One evening after dinner we walked to the tip of the peninsula to the famous sea organ pipes, a simple yet fascinating structure along the sea wall. A series of holes and caverns have been formed in the steps leading down to the seawall, allowing the waves from the ocean to become trapped underneath and force air through carefully constructed holes. Each one resonates with a slightly different pitch, producing a beautiful church organ type of sound as the sea moves in and out. The stairs extend for about 70 meters along the coast with 35 pipes of different length, diameter and tilts. The pipes play 7 chords of 5 tones. It is a very soulful and restful sound and many people come down to watch the sun set and listen to the calming sounds of the sea organ.
A bit further along is a 22 metre circular light display, powered by solar power generated and stored during the day. By night, the huge display turns on a myriad small lights, arranged to simulate the size and position of the planets. Huge crowds congregate to watch the display come to life as the sun sets.
The highest point in Zadar is the church spire of St Anastasia’s Cathedral so we climbed the 190 steps to take in the views of the city. Narrow spiral stairways usually send Christine into a fit of the heebie-jeebies but she was very well controlled, showing that all this exposure to medieval history is starting to pay off. The views were quite breathtaking, all though we kept a very wary eye on the time lest the damn church bells started peeling while we were next to them. They are deafening from our apartment and that is about half a kilometre away.
Besides the walk bridge over the water there was a tiny little rowed ferry boat that operated from 6am to 11pm. It has been owned by the same family for years and different members take turns to do the rowing. It costs 5HRK ($A1) a trip and they seem to be continually on the move with between 2 and 8 passengers so they must pay their way. We used the service a few times. A charming way to go.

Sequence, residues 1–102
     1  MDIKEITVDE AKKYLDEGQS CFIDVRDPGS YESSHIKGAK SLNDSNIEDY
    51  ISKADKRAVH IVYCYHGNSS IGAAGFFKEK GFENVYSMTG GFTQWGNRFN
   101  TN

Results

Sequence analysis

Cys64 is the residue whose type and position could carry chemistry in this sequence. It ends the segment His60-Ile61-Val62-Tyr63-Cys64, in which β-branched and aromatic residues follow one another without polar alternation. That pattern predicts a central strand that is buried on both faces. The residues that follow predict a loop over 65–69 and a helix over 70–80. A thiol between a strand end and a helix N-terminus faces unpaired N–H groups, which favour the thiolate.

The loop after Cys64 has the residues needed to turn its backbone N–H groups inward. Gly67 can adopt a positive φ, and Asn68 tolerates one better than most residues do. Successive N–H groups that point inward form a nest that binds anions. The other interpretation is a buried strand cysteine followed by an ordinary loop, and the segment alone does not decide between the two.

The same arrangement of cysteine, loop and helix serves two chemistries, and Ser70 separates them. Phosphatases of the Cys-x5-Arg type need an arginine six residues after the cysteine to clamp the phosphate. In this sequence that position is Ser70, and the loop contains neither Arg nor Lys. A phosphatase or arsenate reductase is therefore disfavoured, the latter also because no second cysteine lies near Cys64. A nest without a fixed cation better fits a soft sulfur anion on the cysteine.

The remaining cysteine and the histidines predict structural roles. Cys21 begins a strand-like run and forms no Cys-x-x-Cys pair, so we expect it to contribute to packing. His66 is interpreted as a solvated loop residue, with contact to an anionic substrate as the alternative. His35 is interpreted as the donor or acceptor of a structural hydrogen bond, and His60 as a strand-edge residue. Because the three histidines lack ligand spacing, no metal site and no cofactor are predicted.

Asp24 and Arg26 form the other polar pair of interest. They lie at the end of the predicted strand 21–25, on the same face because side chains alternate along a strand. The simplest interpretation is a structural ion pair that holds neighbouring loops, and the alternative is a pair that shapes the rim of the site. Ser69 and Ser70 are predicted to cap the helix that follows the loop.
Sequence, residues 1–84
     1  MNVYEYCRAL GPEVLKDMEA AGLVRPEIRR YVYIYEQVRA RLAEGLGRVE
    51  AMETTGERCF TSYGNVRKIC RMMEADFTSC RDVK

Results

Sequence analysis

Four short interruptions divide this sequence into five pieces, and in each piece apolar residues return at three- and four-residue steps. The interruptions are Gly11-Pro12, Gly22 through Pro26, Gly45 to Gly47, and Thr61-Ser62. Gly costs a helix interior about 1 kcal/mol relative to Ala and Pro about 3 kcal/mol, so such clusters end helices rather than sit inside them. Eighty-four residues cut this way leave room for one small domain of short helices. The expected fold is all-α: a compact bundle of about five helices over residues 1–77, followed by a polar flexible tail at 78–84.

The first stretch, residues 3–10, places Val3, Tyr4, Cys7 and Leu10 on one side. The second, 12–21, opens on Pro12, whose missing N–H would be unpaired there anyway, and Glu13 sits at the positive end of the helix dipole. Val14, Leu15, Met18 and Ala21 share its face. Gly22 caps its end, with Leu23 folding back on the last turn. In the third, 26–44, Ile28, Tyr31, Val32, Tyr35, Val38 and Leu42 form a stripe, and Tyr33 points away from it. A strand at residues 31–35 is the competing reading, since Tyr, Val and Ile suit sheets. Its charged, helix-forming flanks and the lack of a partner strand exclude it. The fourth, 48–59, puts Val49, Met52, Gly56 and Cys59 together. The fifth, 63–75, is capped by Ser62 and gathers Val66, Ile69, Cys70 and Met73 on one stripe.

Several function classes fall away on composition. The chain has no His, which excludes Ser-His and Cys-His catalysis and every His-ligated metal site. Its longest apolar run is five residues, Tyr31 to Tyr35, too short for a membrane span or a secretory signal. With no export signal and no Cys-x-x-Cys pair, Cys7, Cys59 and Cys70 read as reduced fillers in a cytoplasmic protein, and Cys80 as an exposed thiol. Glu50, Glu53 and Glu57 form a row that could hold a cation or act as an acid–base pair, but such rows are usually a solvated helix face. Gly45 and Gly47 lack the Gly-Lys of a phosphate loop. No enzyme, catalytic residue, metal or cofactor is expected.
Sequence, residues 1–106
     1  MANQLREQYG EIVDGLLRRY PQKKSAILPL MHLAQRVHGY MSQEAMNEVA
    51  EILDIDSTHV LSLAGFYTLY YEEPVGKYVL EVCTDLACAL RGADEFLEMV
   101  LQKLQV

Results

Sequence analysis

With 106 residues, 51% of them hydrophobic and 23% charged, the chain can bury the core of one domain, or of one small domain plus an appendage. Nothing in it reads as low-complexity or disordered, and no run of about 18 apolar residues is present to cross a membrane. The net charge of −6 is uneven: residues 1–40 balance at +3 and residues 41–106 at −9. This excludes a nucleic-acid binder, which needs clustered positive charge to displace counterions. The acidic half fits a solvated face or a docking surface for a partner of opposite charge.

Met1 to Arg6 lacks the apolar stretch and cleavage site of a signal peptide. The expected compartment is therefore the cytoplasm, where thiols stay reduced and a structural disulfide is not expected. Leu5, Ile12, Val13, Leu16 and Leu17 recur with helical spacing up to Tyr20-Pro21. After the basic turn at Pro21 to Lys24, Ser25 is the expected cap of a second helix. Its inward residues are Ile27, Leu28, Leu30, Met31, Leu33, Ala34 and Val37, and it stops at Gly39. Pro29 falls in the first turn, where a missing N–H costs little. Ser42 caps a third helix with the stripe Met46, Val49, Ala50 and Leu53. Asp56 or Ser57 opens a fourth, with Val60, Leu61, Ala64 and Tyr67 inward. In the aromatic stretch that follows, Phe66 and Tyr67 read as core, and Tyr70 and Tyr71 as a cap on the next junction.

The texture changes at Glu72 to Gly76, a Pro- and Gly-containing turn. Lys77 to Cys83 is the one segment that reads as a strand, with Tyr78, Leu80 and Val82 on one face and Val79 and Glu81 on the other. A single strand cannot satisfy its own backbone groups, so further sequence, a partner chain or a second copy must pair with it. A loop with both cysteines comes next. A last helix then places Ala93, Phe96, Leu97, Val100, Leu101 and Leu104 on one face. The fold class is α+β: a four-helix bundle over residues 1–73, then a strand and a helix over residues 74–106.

By far the highlight of our time in Zadar, and even of the trip to date, was a day trip on a boat out to some of the nearby islands. We went on the Zvida Mora (www.zvidamora.hr) a small traditional wooden boat, with its wonderfully entertaining and knowledgeable skipper Milan. What helped make the day a highlight was the terrific mix of fellow passengers, which included a family of Brits/Aussies, a lovely couple of girls from Hungary and Norway, and a fun group of young Germans. We all got on really well and tried hard to rid the boat of all alcohol as we went. We snorkeled (some SCUBA dived) in wonderfully clear but icy cold water, we stopped for a beer (which we didn’t need) in a gorgeous little village and we trekked around Osljak, the smallest inhabited island in the Adriatic Sea. Besides handling the boat all by himself and providing a wonderful running commentary of the sights and history, Milan showed off his culinary skills by cooking a magnificent fish lunch. We each got a perfectly cooked whole fish on the bone with some excellent potatoes fried with a herb mixture. The fish was local Seabream, similar to an Australian Bream, full of flavor and firm of texture. The tour followed along the inside of Uglijan Island, passing by numerous gorgeous little secluded coves, usually with a couple of cruising yachts anchored up. I would love to hire a yacht for a week from Zadar and spend some time exploring the huge expanse of water available to cruisers. We had an absolutely amazing day, one that will remain a highlight for a long time.
For the last five years we have been singing the praises of Split as a top place to visit and stay for a while. Zadar has probably taken the crown away from Split. It is so easy and laid back yet so packed full of charm. Is it the best of Croatia? Only time will tell.